The top Sensex performers during the week were Oil & Natural Gas Corporation (up 5%), Bharti Airtel (up 2%), NTPC and State Bank of India (SBI) (up 1% each). The top Sensex losers were Jaiprakash Associates (down 9%), Reliance Infrastructure (R-Infra), Hindalco Industries, DLF (down 8% each) and Hero Honda Motors (down 7%).
The BSE Consumer Durables (CD) index was the lone gainer in the sectoral space during the week, up 1%. The sectoral losers on a weekly basis were BSE Realty index (down 9%) and BSE Metal (down 3%).
The government this week extended sops worth Rs1,052 crore to exporters, particularly for the labour-intensive textile, handicrafts and leather sectors, to help them see through the fragile economic recovery globally.
However, the Centre made it clear that the popular Duty Entitlement Pass Book (DEPB) scheme, which has been in vogue for over a decade, is being extended for the last time. The government also extended the zero-duty Export Promotion Capital Goods (EPCG) scheme by one year to 31 March 2012. The scheme, which was announced in August last year, was to expire on 31 March 2011.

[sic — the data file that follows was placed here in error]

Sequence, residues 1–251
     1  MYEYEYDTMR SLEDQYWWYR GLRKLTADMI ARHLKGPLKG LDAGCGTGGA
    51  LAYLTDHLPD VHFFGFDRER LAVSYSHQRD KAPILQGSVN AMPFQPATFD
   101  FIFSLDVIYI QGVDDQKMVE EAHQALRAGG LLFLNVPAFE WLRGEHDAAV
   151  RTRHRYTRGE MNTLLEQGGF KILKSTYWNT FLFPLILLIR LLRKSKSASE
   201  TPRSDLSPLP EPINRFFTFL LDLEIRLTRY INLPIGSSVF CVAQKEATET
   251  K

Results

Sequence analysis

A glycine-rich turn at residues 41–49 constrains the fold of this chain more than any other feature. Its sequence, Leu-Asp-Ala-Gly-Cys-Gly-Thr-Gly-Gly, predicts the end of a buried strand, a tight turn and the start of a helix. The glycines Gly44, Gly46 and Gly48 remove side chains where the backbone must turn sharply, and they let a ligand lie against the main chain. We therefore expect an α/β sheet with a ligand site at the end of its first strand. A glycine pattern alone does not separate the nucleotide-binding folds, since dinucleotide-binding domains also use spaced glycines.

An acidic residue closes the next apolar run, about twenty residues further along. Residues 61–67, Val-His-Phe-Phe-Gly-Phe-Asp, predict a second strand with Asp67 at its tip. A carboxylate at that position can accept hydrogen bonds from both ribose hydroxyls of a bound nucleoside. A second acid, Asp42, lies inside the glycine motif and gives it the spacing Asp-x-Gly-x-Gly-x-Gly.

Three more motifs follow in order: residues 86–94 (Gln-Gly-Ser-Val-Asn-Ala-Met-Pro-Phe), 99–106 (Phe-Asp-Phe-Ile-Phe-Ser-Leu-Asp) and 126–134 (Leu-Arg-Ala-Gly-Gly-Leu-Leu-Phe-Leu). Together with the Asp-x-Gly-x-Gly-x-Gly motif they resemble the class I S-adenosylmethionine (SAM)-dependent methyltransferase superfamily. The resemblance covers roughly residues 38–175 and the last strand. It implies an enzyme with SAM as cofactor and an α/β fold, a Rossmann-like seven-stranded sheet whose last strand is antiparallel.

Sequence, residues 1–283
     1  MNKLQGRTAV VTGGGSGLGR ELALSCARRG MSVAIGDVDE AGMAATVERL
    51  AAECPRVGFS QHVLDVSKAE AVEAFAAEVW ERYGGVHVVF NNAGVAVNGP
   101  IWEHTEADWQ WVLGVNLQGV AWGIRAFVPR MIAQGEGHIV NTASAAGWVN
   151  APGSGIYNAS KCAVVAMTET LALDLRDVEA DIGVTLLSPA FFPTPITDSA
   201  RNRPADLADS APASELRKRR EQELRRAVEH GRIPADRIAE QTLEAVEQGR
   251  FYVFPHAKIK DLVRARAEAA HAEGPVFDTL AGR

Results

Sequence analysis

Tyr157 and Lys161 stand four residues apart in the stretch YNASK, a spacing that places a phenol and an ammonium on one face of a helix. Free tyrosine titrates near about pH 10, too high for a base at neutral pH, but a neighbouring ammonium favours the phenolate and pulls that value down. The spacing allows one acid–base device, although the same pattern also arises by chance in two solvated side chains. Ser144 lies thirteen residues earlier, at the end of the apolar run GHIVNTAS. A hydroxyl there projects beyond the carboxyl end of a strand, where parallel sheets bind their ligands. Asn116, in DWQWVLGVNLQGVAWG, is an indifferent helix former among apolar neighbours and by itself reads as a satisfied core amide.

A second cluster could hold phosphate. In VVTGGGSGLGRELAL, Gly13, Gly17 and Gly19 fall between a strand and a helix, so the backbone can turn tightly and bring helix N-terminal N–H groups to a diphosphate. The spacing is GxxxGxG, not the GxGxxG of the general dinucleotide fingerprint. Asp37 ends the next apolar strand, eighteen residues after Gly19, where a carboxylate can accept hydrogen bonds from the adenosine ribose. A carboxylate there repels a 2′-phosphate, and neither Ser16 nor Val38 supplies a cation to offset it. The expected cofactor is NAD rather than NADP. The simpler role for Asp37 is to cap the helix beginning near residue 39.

Food inflation moderated for the second straight week in the week ended 14th August to 10.05% as vegetables turned cheaper, but analysts said price volatility will continue till October when fresh crops arrive in markets.
Inflation in food items dipped marginally from 10.35% in the previous week. It was 13.45% in the same period last year and had crossed 20% in December 2009.
Fuel inflation remained steady at 12.57%, as the recent hike in prices of petrol, diesel and other related products have already been accounted.
Overall inflation, as measured by the wholesale price index (WPI), fell to single-digits at 9.97% in July, after a gap of five months.